She wanted to have a successful business, be involved in organizations she believed in, and spend time with her family.

And she believed that it was super important to be super productive. How much could she get done in a day?!

She worked in her business during the day, attended various committee meetings in the evening, and spent the remaining evenings with her husband.

Anne productively drove herself right into the ground.

She started to dread going out at night to any committee meeting. And anything that needed to be done for those committees? She complained to herself all the way through it. They were cutting into her family and business time! How dare they!

But it was all so important. And they were counting on her. And she secretly felt that no one could do the job as well as she could, so it was important for her to continue – despite how frustrated she was with it all.

And it got to the point where she realized something needed to change.

So, Anne looked at everything she was doing and realized that she wanted to be doing a better job. But her heart wasn’t in it. Slowly, Anne stepped down from various committees and commitments. Keeping only the ones she was most passionate about.

Anne looked forward to the free time that would now appear in her schedule, but it never appeared. She still was super busy and everything was still important.

And she was spending more time procrastinating, and then beating herself up for procrastinating when there was so much to do! And she was so very tired.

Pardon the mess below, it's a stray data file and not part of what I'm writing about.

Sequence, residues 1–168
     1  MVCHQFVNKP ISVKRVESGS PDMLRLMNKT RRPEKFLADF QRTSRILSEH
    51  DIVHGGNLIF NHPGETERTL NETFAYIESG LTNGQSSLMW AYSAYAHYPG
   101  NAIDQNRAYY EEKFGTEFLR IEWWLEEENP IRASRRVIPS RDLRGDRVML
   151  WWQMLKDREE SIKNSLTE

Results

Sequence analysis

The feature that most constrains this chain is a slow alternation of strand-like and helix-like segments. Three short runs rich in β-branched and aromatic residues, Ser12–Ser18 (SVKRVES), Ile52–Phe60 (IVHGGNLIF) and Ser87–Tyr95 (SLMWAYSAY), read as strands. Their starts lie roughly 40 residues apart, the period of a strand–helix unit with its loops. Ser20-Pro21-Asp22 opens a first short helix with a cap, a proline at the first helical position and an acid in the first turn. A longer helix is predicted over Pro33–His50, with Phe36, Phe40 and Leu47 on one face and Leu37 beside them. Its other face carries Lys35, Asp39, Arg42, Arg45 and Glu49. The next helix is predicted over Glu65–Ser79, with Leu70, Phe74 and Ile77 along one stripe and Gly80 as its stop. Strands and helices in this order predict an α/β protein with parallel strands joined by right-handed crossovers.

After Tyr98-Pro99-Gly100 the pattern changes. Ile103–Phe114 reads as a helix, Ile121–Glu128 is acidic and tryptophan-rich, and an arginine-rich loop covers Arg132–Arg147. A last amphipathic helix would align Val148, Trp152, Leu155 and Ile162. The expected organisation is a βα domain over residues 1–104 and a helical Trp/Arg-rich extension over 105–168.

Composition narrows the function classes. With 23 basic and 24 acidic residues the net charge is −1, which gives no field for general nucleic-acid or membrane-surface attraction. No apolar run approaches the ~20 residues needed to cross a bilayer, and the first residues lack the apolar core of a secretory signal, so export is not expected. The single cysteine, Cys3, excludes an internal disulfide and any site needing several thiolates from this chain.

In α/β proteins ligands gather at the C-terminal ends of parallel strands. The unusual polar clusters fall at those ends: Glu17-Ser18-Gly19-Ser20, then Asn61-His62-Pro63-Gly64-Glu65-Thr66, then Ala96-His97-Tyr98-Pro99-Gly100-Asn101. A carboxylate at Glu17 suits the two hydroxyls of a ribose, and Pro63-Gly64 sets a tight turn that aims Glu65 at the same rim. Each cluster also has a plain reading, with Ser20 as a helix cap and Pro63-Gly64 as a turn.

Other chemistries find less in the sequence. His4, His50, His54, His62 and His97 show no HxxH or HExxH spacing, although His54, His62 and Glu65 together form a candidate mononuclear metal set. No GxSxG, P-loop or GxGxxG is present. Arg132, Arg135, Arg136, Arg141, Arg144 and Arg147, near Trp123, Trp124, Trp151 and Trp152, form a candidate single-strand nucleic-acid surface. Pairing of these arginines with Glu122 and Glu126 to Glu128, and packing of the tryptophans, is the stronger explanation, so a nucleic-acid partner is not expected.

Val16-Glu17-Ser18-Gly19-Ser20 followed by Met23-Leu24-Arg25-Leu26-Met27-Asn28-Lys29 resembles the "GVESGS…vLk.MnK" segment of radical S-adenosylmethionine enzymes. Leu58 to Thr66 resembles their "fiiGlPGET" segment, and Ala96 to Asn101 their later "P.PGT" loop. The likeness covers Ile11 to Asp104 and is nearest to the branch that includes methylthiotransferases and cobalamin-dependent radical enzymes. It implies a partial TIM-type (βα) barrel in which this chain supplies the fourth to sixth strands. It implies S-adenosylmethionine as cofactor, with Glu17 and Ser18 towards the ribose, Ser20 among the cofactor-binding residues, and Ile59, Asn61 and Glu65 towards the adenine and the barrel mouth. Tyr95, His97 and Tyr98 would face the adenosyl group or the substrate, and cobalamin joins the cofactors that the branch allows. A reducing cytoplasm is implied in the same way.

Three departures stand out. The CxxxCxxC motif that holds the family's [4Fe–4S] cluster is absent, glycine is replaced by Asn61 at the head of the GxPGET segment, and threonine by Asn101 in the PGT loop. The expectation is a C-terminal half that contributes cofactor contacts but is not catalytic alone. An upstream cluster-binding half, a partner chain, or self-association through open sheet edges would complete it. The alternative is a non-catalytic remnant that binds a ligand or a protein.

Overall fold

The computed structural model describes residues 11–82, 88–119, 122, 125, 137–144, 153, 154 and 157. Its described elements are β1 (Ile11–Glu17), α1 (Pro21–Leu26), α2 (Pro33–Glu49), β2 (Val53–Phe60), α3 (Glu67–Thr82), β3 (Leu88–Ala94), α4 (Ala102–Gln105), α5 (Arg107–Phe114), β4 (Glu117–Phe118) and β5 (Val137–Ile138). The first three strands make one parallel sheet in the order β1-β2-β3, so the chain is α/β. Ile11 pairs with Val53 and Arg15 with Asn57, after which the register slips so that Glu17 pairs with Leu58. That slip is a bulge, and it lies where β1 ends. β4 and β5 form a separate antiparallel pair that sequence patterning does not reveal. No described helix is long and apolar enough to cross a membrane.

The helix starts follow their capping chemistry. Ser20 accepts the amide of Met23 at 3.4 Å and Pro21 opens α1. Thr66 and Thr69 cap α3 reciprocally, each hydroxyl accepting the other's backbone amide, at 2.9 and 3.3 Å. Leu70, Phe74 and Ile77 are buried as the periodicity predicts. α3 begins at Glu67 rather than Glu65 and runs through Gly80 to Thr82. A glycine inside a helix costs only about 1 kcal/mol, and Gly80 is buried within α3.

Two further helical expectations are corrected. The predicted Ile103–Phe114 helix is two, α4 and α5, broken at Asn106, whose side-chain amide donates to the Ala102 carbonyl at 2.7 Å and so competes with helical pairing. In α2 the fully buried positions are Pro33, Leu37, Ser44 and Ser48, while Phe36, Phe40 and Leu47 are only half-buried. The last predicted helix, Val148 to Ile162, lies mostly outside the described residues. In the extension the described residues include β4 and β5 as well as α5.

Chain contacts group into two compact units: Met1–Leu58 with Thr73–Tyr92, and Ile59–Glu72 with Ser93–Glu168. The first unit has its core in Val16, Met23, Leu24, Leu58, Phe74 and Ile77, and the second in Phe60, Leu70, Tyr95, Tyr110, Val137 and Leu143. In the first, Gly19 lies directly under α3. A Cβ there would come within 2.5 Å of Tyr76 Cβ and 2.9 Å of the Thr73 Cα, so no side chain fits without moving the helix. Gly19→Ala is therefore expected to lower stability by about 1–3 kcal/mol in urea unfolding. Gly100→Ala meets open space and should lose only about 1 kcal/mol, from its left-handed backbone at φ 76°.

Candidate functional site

Again, she realized something had to change – and she had a strange thought – What if instead of asking, what’s the next thing to do, she asked, what will support my productivity? And when she did that, sometimes she was surprised that the answer wasn’t the next thing on her to-do list, but getting a glass of water, going for a quick walk or meditating.

My point? Sometimes we make it so much more difficult than it has to be. We think we have to do it all and we don’t. And if we try to, we’ll end up frustrated, overworked, and oh-so-tired.

So, a quick answer to the questions we started with:

  1. But everything I need to do is important! How can I possibly prioritize?
    What on your list will bring you income? This includes tasks 2 or 3 steps away from generating income.
    What on your list has to be done in the next 24 to 48 hours?
    Tasks that meet both of those criteria are your highest priority tasks.

  2. How do I easily start keeping track of my to do’s when I haven’t been for a while?
    What are your three most important tasks to complete this week? Write those down.
    At the beginning of each day write down what your most important task is and a task to be completed after that one.
    This will keep you moving forward and making progress.
    And keep a blank piece of paper under your daily list. On that piece of paper write down things that need to be done as they pop into your head. Keep it under your daily list so you’re not looking at a long list of things to do.

These are quick ways to start to get a handle on everything we have to do.

You can watch the Live Stream I did on this topic here.